By Gerald Dlubala
Think about the difference a few pieces of dog park equipment can make to a dog and their owner.
Research says that the relationship we have with our dogs is based on thousands of years of evolution.
Going back up to 8,000 years, dogs have been found buried next to their human counterparts, sometimes outfitted in extravagant collars, expensive robes, and laid next to gem-laden spoons and bowls.
The bond is not just emotional, say scientists. More recent studies have shown that when humans and dogs are together and making eye contact, the dog in fact, experiences the release of the hormone oxytocin as humans.
What is oxytocin, you ask? Well, that’s the same hormone released when a mother lovingly looks upon her baby in her arms. So it’s no wonder that there is such a bond between humans and their dogs. It’s almost chemically impossible not to do so.
This special bond is very evident in the field of dog agility training and the use of dog park equipment. When you see the unspoken communication happening between dog and handler, it sure seems there is more to it than just a promised treat at the end of 60 seconds of highly choreographed activity.
Dog agility competitions on the rise
Dog agility has its roots based on an exhibition back in the 1970s when a group of dogs, during a break at a dog show, were led around a few basic jumps, similar to horse jumping.
One thing led to another, and you now have a sport that is rapidly growing with competitions available nearly every weekend.
And with agility courses being laid out in ever-changing patterns, the sport of dog agility competition has become more challenging, rewarding, and just plain fun to watch.
In addition, many pet owners now see recreational agility training as a great way to exercise and teach their dogs.
Dog agility equipment basically remains the same within the competitions. But how the equipment is laid out and sequenced is increasingly challenging for both the dogs and their handlers, encountering some of these combinations, or all of the following:
- Basic walks/ramps and tables
- Hoops and Jump Overs
- Teeter totters, A-Frames, Tables
- Weave poles
- Tunnels, barrels
When these pieces are laid out in a course for the dogs to follow, whether in a competition arena or in a dog park setting, you have dog playground equipment that both challenges, and benefits the dogs and the handlers.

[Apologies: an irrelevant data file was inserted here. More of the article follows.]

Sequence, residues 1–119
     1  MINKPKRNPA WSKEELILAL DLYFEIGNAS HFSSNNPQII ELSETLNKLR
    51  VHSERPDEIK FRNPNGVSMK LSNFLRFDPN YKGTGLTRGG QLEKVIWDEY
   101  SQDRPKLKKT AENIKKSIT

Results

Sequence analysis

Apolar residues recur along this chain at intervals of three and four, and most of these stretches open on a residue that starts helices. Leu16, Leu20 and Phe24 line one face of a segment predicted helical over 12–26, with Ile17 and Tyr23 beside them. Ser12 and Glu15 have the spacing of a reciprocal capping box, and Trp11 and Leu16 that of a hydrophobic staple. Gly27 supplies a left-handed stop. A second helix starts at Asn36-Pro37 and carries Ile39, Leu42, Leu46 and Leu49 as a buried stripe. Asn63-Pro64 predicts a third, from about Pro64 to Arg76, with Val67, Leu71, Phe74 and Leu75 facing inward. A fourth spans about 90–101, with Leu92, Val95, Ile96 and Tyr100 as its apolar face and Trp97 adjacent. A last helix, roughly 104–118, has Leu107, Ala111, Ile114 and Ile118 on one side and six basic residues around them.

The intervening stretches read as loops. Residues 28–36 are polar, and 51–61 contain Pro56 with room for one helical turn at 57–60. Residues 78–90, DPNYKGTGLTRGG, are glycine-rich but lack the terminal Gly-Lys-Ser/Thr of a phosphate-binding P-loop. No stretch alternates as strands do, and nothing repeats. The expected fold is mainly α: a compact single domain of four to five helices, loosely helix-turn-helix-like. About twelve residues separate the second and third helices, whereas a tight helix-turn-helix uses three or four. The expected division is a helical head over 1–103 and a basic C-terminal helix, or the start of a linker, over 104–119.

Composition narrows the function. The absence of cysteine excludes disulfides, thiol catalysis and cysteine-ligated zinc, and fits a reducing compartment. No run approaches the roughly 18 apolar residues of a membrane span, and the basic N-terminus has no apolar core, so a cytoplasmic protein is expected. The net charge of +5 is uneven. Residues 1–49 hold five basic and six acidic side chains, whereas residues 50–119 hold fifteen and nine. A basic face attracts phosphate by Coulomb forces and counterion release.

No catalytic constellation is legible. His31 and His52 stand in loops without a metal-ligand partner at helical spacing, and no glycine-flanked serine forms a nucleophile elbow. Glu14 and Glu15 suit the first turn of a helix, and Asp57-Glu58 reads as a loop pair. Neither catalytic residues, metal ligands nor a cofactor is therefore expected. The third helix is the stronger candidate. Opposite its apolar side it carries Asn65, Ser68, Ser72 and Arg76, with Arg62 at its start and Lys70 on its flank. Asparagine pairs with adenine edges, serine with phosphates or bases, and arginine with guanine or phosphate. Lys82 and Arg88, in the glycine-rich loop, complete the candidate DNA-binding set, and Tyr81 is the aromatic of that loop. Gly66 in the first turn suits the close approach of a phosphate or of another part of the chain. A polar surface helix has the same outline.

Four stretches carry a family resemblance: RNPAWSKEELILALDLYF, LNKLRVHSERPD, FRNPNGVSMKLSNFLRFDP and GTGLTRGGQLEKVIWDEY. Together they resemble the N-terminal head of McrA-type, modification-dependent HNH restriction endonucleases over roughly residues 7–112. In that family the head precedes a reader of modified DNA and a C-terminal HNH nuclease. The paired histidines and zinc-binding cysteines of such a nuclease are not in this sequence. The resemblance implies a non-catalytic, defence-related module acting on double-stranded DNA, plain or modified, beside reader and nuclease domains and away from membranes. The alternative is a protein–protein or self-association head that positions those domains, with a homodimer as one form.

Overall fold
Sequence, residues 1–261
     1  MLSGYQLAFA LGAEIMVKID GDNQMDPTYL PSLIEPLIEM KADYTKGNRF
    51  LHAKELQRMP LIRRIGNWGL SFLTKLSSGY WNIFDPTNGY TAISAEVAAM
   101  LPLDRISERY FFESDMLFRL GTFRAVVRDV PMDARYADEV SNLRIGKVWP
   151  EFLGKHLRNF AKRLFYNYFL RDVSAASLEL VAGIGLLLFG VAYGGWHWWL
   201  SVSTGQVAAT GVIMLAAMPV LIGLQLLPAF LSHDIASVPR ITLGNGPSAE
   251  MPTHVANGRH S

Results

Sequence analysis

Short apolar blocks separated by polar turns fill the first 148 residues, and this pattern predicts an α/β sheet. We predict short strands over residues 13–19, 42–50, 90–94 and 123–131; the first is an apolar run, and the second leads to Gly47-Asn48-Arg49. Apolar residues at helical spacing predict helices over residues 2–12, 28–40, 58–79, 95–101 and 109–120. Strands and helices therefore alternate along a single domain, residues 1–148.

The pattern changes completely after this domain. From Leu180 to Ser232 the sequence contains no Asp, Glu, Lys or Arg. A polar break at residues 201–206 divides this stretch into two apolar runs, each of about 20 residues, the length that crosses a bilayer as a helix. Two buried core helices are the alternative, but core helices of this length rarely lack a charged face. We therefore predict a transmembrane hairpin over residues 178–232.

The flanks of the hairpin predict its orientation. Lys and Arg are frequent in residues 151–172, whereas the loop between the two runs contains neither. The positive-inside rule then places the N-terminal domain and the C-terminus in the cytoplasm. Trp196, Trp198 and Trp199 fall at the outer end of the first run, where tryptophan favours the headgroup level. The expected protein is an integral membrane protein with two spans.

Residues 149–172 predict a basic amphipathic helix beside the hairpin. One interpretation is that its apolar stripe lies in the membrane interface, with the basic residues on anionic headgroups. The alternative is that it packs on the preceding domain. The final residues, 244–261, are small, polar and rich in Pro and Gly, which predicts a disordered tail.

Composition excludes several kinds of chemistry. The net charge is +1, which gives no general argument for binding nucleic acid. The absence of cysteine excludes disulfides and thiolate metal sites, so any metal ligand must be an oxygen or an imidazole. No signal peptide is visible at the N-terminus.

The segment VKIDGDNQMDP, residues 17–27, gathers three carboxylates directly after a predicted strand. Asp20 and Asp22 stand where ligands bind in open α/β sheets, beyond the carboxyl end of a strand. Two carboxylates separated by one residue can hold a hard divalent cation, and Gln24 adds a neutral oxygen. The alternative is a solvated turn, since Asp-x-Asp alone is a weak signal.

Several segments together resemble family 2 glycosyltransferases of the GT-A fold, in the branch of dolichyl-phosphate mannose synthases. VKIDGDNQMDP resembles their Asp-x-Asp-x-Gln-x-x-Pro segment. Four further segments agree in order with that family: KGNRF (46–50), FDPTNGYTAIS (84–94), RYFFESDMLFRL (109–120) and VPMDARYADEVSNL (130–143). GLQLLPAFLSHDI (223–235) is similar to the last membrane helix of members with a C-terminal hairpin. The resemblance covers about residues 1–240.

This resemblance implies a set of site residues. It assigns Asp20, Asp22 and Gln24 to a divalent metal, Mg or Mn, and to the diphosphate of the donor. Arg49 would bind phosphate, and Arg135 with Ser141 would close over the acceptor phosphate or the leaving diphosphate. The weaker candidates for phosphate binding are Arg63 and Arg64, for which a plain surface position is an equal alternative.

Benefits of agility training on dog park equipment
“Agility training and competitions provide mutual benefits for the dog and the trainer alike”, says Beth Hemmer, a St. Louis-based veteran of agility training and competitions. Hemmer, who competes in AKC and ASCA agility competitions about twice a month on average, says there are many benefits to the sport, but three main areas are equally beneficial for the dog and handler.
- Physical Benefits. Yes, this one may the most obvious, but our dogs need to be active and use their natural instincts. “And so do the handlers”, says Hemmer. “Because of the demands of the courses, if you want to compete, you have to train.” These natural instincts are challenged with quick movements, changes in direction, and a combination of activities like running, jumping, crawling and sprinting. As the handler and trainer, the daily regimen of getting out and running alongside your dog, leading them through tunnels, weave poles, jumps and more provides a great cardio workout of twists, turns and flexes, all while doing something you love, has always been the key to a successful exercise regimen. Stamina and endurance are a great, natural byproduct.
- Mental Benefits. This is a biggie. “The courses have become more and more complex”, says Hemmer, “and are now designed to challenge the handler as much as the dog. They are not the simple straight-line courses of yesteryear. These courses now demand more strategic ways of execution, trying to save steps here and there while making sure the dog understands and responds to your choreographed moves.” The handlers have to stay mentally sharp to constantly retain their creativeness while keeping their dogs motivated.
- Social Benefits. When you think about what these dogs have to learn in order to participate, they are really learning acceptable behavior patterns. Basic commands while dealing with distractions make them more socialized while keeping them safer as well. Agility dogs are highly socialized dogs, love being around other dogs and people, yet they are willing to obey basic commands when needed. The handlers benefit from the social aspect as well. “Competitors on the course, they are a close-knit group that becomes friends, allies, and a true support group off the course,” says Hemmer. The agility competitions become a great venue to meet, spend and enjoy time with like-minded people. These people have not only become friends during the competitions, but they have become friends for life outside of the agility aspect.